An area of 285,300 acres. That’s how much space is taken up by the vineyards in Napa and Sonoma Valleys, let alone the rest of northern California. With that much coverage and all the award-winning wines that come out of the area, you can bet plenty of maintenance goes into every acre.
Due to the distinct local micro-climates, this area in northern California has the ideal climate for raising a vineyard. If you’ve never raised a vineyard or even grown grapes, you might be surprised at the kind of care that goes into producing them. Vines are managed differently depending on the vineyard’s approach. For the sake of simplicity, we’ll focus on the basic practices of an average smaller vineyard in northern California.
Pests, Mildew and Weeds
Ecology is important to many vineyard owners in this area. Smaller vineyards sometimes use non-chemical practices to stave off pests, mildew and weeds. Disking is one method used for weeding and is performed by using a disk or harrow to unsettle the soil. It is simple and inexpensive, yet very effective. The mulch produced by disking captures critical moisture needed for the dry farmed vines. Mildew is controlled by open-head pruning the vines.
Pruning serves several purposes in that it keeps the vine in a form that will reserve labor and facilitate cultivation; controls disease and pests; and is used to thin and harvest the grapes. It also allows for strategically positioning the bearing wood to equalize growth and produce major crops of high-quality fruit. In addition, it saves labor and costs for thinning to control the growth and is the least expensive method to reduce the number of clusters for a more robust flavor.
Open-head pruning limits the height at which the vine can grow, often three feet, forcing new growth to form from the trunk. This type of pruning enables the flower centers to receive sunlight from all directions. Pruning is usually done between December and March to generate new growth. Summer pruning is a form of pruning that results in less trauma to the plant. It consists of pinching off overly aggressive growth and picking off dead leaves. It is also important to remove water-sprouts that spring up on the trunk and branches.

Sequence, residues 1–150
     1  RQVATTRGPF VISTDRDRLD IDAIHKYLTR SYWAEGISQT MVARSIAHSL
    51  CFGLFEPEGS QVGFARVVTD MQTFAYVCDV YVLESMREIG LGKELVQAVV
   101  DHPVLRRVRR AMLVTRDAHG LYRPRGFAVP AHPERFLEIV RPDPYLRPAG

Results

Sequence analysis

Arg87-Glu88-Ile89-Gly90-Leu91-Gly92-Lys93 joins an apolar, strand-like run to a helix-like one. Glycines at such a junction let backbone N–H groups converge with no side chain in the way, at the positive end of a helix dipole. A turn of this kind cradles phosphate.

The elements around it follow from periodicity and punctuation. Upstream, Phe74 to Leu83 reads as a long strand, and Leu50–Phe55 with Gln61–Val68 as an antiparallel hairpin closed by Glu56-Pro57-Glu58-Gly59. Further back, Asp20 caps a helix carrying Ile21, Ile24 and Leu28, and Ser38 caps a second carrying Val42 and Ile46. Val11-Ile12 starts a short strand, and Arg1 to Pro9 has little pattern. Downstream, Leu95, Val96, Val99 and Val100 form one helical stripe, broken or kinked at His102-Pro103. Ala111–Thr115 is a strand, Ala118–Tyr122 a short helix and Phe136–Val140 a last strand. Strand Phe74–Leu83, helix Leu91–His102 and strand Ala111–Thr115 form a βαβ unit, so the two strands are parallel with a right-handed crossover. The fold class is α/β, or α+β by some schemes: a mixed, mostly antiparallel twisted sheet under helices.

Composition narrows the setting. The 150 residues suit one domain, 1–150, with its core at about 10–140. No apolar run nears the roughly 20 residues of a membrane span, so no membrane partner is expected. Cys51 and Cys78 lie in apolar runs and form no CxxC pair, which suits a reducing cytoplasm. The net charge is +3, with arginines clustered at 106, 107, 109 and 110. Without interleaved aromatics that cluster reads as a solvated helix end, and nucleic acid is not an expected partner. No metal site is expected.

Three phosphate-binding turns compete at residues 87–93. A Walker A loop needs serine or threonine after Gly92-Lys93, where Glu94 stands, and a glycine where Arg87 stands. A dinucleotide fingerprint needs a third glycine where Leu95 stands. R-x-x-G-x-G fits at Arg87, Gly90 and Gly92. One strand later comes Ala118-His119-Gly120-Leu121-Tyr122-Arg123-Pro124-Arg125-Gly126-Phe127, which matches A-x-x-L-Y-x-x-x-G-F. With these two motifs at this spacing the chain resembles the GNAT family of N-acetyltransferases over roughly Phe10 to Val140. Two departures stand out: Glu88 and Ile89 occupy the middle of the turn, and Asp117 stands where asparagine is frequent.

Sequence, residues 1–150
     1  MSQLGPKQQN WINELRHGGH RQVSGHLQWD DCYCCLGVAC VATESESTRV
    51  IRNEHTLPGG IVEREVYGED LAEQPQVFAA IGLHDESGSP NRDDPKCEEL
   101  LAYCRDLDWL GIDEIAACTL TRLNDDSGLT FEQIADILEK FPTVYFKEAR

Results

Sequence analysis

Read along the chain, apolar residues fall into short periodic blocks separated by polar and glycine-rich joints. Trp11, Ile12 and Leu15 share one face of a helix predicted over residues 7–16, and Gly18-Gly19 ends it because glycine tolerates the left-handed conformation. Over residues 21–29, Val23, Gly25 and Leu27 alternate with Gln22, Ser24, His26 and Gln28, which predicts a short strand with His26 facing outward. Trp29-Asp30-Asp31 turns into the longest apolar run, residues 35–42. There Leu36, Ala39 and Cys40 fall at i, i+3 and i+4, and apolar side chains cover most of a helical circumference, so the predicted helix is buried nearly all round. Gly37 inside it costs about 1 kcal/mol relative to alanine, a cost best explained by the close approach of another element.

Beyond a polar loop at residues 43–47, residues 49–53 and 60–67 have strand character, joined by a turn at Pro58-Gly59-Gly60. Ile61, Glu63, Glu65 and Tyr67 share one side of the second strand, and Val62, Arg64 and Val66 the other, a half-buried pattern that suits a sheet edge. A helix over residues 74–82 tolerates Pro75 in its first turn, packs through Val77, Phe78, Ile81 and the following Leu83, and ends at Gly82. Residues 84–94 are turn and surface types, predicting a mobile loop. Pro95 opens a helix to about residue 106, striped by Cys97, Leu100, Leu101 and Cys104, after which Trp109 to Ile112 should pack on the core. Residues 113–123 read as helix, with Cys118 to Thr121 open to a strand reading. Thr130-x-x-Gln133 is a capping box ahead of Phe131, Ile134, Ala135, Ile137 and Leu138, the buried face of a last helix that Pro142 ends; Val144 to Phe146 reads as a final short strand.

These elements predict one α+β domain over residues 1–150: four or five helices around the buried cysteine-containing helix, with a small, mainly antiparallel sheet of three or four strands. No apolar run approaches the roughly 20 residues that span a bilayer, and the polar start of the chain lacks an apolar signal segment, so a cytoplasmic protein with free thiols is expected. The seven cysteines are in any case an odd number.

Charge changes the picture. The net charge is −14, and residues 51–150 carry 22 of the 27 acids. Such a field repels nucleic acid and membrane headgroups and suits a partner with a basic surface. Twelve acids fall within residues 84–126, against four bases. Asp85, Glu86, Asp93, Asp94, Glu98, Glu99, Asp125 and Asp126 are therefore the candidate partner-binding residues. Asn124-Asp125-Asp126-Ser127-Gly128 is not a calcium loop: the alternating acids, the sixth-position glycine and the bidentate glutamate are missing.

For young vines, training is necessary to shape them. As the vines grow, they are attached to certain forms of support. Training determines the direction and form of the trunk and vines and the placement of the shoots that come out of the buds retained when pruned. Training essentially forms the future growth framework of the vines.
Grape harvesting is performed by hand-picking or mechanical harvesting using a device attached to a tractor that beats the grapes off the vine. Some vineyards in northern California still use manual labor to hand-pick the harvest. The advantages are that the laborer can more gently handle the grapes and can discern the quality of the fruit to ensure only healthy bunches are picked.
Now that you’re informed on the basics of how to maintain a vineyard, you may be interested in planting a tiny vineyard in your own backyard. Check out a book or two from the local library, and visit local vineyards for different planting styles. With a little bit of ingenuity and effort, you could be making your own vino in no time!
ABOUT THE AUTHOR
Sherry Zander holds the title of “resident garden expert” in her small corner of Kansas. Years of gardening practice developed Sherry’s expertise and broadened her knowledge in the field. Not only has she become well-versed in botany, but flower gardening is her specialty due to her extensive experience in successfully establishing and maintaining her own gardens, retaining walls and ponds. You’ll find her articles on websites like eHow, wiseGEEK and About.com.